by Curtis Baker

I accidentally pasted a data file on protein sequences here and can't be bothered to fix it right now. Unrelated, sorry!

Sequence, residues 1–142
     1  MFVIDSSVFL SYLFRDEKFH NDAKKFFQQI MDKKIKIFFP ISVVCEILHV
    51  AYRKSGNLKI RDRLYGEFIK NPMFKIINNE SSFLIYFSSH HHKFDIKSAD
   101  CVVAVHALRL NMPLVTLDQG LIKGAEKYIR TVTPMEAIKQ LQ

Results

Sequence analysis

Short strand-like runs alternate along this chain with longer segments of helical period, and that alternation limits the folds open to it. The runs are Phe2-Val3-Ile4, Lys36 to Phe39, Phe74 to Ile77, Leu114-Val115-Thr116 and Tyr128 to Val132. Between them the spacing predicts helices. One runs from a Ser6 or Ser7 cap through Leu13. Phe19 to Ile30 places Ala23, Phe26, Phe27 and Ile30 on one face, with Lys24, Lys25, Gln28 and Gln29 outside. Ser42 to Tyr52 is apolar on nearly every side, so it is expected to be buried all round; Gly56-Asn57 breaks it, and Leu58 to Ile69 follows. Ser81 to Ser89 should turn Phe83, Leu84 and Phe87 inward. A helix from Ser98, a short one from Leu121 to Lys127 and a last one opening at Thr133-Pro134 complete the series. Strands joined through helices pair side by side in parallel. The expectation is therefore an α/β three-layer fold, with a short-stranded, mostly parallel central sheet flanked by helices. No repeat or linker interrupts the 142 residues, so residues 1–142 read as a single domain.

In C. S. Lewis’ brilliant allegory on heaven and hell, called “The Great Divorce,” Lewis portrays a young man in conversation with his spiritual mentor. The conversation takes place in heaven, as together they watch how the souls from hell, on a holiday to tour the lands of heaven, each turn from the prospect of their salvation to return to their hellish home. The most recent case was a mother “who loved her son too much.” As the young man watched, he questions his mentor as to why such things happen as they do. A mother’s love for her son, even if excessive, seems an innocent sin. But his mentor explains to him: “There is but one good; that is God. Everything else is good when it looks to Him and bad when it turns from Him. And the higher and mightier it is in the natural order, the more demoniac it will be if it rebels.” He then goes on to explain that it is not bad mice or bad fleas that turn into demons, but archangels.
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